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Trump moves against China Mobile, citing security concerns

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The Trump administration moved against letting China Mobile enter the US telecommunications market, saying the government-owned mobile phone carrier would pose national security risks.

[WASHINGTON] The Trump administration moved against letting China Mobile enter the US telecommunications market, saying the government-owned mobile phone carrier would pose national security risks.

The Federal Communications Commission should deny China Mobile's application, submitted in 2011, the National Telecommunications and Information Administration said in a filing distributed by email on Monday. NTIA is a branch of the Commerce Department.

Unlike ZTE Corp, the Chinese telecom equipment maker that was blocked off from US suppliers in April for violating a sanctions settlement, China Mobile makes most of its revenue domestically and may be less vulnerable to trade blocks. ZTE shares plummeted after the announcement because it relies on US-made components for some of its products.

The US in June reached a deal to allow ZTE to get back in business after the Chinese telecommunications company pays a record fine and agrees to management changes.

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The US and China have quarreled this year over trade, and US officials have alleged that China engages in widespread theft of intellectual property. The US is set to impose tariffs on US$34 billion of Chinese goods on Friday, and another US$16 billion may follow. China has vowed to retaliate in kind. President Donald Trump has also threatened additional tariffs on US$200 billion of Chinese imports that could be implemented if China imposes counter-measures.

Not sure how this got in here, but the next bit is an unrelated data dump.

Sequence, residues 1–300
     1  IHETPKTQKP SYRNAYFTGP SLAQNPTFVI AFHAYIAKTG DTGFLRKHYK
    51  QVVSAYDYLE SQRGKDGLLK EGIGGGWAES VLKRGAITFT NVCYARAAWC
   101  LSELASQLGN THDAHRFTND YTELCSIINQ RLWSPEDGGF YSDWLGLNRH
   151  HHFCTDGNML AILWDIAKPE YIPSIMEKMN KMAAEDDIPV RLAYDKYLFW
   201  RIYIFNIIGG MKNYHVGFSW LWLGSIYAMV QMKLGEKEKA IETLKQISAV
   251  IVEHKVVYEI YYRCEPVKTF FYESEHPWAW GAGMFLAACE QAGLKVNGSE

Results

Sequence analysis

The U.S. intelligence community and other officials found that China Mobile's application "would pose unacceptable national security and law enforcement risks," according to the NTIA filing.

‘Risks and Vulnerabilities'

China Mobile is the world's largest mobile phone operator, with about 899 million subscribers. In the NTIA filing, the carrier indicated it wanted to offer international voice traffic between the U.S. and foreign countries, and didn't intend to offer mobile service within the U.S.

"The deepening integration of the global telecommunications market has created risks and vulnerabilities in a sector replete with a broad range of malicious activities," the NTIA said in its filing.

The Chinese government could use links established by China Mobile for economic espionage and intelligence collection, according to the filing. Customers could include fixed and mobile network operators, calling-card companies, and business customers.

Officials had "significant engagement" with China Mobile but weren't able to resolve concerns, David Redl, assistant secretary for communications and information at NTIA, said in a news release.

FCC spokeswoman Tina Pelkey said the commission would review the filing.

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